The American Society of Farm Managers and Rural Appraisers recently published its “Texas Rural Land Value Trends” for 2021. According to its website “Chapter members from all the regions of Texas provide data to develop the annual market study.” The study is a good source for current land values, leasing rates and even hunting lease rates. You can download a copy of the study without charge at the ASFMRA website.
The Texas Supreme Court recently decided a case involving a covenant to protect against drainage. In Rosetta Resources Operating, LP v. Martin, the Court considered several issues, one of which was whether the covenant had been triggered by language in the addendum to the oil and gas lease.
Rosetta and two other companies drilled a well on property that was near but not adjacent to the pooled unit that contained a portion of the Martin’s property. The Martins sued, based on language in the addendum, claiming Rosetta and another oil company failed to protect them from drainage by the nearby well. The Court held that the covenant in the addendum was subject to competing reasonable interpretations as to when the covenant was triggered and reinstated the trial court’s ruling denying relief to the Martins for violation of the covenant.
All of this underscores how important clear and unequivocal language in the oil and gas lease is.
There are no doubt a number of honest and reputable companies installing residential solar systems in Texas. However, based on the number of folks who call me each month about problems with the company they dealt with, there are a certain number of dishonest and disreputable companies as well.
Residential solar systems are incredibly expensive, often costing between $25,000 and $35,000. Before you spend or finance this kind of money, there are a number of things you can do to make sure you’re dealing with one of the good guys:
- Check out the company’s rating and complaint history at the Better Business Bureau website. In each case where I’ve handled a complaint for a client against a solar system company, that company had numerous complaints listed on the BBB website.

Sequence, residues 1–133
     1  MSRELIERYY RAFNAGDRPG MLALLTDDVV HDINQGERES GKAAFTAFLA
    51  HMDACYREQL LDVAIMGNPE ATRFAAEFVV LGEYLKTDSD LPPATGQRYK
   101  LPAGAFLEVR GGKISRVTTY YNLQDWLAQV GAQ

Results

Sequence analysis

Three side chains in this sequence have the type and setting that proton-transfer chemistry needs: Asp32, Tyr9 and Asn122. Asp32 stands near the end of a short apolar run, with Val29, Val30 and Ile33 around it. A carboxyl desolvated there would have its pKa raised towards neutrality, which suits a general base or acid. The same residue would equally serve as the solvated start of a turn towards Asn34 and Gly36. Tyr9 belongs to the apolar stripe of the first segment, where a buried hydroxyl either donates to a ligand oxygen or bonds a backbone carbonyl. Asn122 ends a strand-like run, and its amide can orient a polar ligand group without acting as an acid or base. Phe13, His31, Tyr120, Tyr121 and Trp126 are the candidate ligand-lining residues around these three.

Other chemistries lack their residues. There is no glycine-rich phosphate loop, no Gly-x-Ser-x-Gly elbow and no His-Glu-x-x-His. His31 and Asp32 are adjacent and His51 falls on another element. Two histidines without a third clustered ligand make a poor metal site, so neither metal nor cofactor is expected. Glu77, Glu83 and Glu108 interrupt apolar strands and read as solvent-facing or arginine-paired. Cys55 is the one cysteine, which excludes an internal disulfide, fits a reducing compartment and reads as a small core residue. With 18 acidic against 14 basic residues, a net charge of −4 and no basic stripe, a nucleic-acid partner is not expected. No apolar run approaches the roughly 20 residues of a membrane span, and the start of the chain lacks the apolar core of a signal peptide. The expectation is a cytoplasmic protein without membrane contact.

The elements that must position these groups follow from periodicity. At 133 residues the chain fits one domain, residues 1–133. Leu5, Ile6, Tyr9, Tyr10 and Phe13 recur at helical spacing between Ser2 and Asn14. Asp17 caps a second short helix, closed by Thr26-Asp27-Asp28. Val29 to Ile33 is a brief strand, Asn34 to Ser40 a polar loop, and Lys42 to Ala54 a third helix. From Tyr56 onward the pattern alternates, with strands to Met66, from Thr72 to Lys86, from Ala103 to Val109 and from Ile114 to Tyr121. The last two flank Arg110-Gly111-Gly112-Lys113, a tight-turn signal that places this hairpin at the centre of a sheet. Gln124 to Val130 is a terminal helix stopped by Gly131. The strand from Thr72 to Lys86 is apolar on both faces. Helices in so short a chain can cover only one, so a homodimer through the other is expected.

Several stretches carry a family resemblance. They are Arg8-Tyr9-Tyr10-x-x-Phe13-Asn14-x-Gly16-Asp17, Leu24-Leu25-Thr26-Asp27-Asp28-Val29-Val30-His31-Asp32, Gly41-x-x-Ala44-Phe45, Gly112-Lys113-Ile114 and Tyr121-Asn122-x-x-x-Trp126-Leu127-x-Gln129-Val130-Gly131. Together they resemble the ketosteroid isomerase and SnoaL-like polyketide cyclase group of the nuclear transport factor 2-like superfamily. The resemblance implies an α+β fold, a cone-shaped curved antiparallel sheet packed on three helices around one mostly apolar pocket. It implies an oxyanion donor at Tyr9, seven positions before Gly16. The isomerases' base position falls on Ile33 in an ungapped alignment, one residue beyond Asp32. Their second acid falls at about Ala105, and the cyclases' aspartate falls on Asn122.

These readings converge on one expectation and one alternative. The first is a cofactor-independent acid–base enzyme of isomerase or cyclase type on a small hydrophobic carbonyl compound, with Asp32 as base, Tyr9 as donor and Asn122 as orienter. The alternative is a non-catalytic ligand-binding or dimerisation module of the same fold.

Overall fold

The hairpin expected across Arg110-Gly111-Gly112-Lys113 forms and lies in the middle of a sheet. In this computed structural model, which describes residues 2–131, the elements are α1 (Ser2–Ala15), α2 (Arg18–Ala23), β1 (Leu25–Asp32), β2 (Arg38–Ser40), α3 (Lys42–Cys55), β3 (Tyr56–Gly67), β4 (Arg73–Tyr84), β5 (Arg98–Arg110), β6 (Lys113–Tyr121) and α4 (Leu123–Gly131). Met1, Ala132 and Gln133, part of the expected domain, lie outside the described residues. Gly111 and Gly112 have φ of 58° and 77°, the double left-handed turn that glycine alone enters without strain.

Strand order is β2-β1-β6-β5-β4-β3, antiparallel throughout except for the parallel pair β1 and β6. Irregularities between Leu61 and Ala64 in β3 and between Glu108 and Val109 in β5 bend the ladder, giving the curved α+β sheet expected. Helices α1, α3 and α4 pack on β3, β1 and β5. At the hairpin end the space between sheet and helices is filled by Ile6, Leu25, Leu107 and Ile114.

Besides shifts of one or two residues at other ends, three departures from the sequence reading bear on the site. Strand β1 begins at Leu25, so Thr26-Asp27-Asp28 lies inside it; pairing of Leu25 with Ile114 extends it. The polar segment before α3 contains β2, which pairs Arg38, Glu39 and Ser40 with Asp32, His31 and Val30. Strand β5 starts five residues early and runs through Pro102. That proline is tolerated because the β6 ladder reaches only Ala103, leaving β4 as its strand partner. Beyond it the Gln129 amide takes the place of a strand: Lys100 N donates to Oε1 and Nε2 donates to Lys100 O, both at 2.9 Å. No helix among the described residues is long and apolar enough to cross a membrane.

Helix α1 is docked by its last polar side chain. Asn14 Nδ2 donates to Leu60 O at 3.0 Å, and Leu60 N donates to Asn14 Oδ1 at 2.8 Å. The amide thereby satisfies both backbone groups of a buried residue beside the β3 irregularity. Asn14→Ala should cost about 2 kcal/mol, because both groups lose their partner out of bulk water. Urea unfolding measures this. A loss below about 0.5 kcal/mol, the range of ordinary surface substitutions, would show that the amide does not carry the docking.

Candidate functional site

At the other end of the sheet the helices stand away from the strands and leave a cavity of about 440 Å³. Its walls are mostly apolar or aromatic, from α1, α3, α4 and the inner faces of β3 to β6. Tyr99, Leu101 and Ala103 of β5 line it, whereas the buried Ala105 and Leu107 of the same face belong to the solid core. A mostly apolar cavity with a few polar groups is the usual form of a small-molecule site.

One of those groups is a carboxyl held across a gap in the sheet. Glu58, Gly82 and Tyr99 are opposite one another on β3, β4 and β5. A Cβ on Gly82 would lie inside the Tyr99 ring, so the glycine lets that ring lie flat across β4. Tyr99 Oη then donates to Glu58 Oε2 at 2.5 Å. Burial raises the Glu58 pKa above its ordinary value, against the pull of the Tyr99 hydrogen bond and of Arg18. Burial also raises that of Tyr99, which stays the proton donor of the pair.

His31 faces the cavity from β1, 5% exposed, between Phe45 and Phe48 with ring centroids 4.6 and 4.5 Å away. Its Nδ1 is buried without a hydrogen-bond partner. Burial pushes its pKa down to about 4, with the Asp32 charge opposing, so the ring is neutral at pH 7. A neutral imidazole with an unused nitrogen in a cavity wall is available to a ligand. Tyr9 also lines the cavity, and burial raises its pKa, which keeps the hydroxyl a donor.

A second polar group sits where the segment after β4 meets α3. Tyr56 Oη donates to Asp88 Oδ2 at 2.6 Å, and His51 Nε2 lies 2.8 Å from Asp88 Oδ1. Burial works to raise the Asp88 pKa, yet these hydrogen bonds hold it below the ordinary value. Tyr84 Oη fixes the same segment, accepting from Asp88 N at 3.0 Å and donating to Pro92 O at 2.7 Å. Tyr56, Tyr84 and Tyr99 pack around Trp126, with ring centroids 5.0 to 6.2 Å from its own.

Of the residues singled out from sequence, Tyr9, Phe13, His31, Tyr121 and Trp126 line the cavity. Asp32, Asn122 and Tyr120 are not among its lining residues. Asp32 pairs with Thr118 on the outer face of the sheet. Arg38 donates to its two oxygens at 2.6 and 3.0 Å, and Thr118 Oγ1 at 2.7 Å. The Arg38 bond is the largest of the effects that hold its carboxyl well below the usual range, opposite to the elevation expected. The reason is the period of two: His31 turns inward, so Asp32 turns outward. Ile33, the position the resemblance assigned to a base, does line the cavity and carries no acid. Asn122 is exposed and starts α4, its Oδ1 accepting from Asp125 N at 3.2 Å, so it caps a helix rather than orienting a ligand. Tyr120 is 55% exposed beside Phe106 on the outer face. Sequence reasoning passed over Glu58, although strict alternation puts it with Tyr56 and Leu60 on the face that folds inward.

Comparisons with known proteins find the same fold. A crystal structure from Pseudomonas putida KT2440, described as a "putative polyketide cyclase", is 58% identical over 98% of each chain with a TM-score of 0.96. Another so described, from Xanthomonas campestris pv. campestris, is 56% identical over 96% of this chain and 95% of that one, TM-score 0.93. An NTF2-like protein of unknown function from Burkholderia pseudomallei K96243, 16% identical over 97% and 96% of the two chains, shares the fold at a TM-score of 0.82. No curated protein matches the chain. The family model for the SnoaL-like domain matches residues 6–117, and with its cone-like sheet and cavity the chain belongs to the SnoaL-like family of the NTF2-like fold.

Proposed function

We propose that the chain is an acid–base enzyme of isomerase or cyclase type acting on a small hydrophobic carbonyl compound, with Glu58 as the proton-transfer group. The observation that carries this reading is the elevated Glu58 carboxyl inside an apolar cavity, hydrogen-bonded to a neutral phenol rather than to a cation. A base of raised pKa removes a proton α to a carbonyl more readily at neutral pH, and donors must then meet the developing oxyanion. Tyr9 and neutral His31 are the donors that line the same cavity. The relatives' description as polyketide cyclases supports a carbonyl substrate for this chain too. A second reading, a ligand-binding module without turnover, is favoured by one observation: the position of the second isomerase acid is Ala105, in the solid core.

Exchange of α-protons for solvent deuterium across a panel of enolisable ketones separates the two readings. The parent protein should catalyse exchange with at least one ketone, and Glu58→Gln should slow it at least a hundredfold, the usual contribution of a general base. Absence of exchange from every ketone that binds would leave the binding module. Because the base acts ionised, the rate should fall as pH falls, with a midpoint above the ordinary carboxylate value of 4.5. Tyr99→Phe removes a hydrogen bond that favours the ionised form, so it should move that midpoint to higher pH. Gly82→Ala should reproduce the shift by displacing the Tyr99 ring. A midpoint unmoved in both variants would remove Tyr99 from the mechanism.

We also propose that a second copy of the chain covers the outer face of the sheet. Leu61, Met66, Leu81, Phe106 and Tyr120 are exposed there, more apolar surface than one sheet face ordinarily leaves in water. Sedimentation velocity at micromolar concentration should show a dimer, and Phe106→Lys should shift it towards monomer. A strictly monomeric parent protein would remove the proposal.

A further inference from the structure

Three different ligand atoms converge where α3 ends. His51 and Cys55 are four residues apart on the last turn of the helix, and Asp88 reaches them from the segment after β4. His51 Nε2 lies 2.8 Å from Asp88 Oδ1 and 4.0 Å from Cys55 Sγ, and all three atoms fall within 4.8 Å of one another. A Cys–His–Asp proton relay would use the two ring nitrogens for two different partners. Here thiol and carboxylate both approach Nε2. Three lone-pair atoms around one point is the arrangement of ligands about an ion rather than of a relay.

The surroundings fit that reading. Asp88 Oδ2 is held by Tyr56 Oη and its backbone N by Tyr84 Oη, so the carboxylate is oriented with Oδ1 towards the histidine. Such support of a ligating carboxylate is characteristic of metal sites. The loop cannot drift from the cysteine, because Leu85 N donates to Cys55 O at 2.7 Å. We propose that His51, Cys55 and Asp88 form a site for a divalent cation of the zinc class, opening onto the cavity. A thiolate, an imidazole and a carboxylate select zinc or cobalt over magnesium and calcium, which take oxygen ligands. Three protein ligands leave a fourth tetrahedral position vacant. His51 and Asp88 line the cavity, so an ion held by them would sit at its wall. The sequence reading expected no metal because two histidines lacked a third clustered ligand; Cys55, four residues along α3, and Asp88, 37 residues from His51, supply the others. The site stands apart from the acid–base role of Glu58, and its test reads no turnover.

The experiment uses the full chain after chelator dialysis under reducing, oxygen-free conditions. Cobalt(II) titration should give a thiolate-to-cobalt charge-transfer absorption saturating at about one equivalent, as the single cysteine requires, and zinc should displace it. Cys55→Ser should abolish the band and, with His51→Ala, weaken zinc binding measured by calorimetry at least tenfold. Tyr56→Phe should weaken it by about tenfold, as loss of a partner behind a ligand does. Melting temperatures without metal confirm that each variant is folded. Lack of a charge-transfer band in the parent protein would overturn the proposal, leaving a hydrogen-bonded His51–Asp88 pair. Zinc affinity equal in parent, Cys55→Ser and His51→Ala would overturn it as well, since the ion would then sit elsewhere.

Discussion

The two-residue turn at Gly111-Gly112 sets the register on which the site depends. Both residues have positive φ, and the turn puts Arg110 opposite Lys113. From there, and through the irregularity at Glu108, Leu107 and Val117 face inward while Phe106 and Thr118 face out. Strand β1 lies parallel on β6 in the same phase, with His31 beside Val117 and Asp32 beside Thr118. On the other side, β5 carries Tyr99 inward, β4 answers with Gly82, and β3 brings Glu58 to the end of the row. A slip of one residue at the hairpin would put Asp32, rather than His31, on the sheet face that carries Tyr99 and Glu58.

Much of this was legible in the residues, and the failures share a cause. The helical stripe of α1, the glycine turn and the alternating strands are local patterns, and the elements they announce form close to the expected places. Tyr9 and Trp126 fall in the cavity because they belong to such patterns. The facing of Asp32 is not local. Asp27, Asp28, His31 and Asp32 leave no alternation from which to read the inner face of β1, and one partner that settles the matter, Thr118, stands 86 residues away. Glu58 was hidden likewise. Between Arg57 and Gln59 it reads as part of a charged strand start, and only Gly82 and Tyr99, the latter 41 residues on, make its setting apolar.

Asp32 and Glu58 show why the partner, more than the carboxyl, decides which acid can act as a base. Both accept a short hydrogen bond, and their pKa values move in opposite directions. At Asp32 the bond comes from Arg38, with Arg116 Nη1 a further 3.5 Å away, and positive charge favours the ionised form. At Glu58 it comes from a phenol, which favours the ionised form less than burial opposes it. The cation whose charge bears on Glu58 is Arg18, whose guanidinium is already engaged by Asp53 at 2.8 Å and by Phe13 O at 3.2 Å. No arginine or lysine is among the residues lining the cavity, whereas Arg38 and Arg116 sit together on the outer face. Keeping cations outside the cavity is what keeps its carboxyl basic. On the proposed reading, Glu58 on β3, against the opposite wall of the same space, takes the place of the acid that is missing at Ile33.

You can’t watch a newscast these days without seeing a Senator or Congressman or some other talking head insist that the actions of the current Administration in curtailing domestic oil and gas production and pipelines were unwise and that oil and gas production must be restarted immediately.
The posture of the current President towards domestic oil and gas production has certainly been irrational, to say the least. In attempting to appease the far left of the Democratic Party, Biden has not only crippled energy production, he has created devastating inflation and a critically dangerous national security situation. Oil and gas is not just essential for transportation, it is a component of many of the products we use on a daily basis. In addition, people may not realize that natural gas is essential for creating fertilizer. American farmers have begun publicly warning of food shortages beginning this summer and fall because of the inability to obtain fertilizer. Since Biden is doing this while importing Russian oil and refusing to ban the import of Russian oil as a sanction for the Russian invasion of Ukraine, one might logically ask just who side he is on?
The problem is that even if Biden woke up tomorrow and removed all the impediments to domestic oil and gas production, there is no switch that gets thrown which results in sudden production. Instead, there is a substantial lead time to bring wells back online and into production. Drilling new wells, especially horizontal wells, takes time. More importantly, domestic oil and gas producers don’t trust the dementia-fueled irrationality of Biden and his advisors. They are not going to incur the considerable expense of drilling new wells, much less bringing existing wells back online, until there is someone with a logical and coherent and rational energy policy in the White House. Finally, even if and gas wells were to be allowed to be restarted and new wells could be drilled, we do not have sufficient pipeline capacity to get the oil and gas to refineries.
In a recent case decided by the Eastland Court of Appeals in Texas, Foote v. Texcel Exploration, Inc., the Court held that the operator of an oil well was not liable for cows apparently killed by an oil and salt water spill.
The Plaintiff leased property for grazing 650 head of cattle. Texcel Exploration Inc. operated an oil and gas lease on the property. The lease did not require Texcel to fence off the well and associated equipment, however Texcel had installed an electric fence around the tank battery (where produced oil and gas and salt water produced along with the oil and gas were stored). There was evidence that the cattle were breaking the fence each day and getting inside the fenced area and ultimately broke a PVC pipe on one of the tanks. Salt water and oil was found on the cows and eventually 132 cows died. The Plaintiff requested reimbursement for the value of the 132 dead cows, veterinary bills, special feed costs, shipping cost to relocate cattle, and lost profits from the surviving cattle being sold under expected weight.
The Court first sets out what is pretty well settled law in Texas for this situation: “[T]he owner/lessee of the surface estate in order to recover against the mineral lessee or operator for injury to his cattle must plead, prove and obtain a jury finding on one of the following:
The Texas Supreme Court recently issued its decision in Nettye Engler Energy L.P. v. BluStone Natural Resources II, LLC, Cause No. 20-0639, which has added to the Texas jurisprudence on the frequently litigated subject of post-production costs that can be deducted from a royalty interest.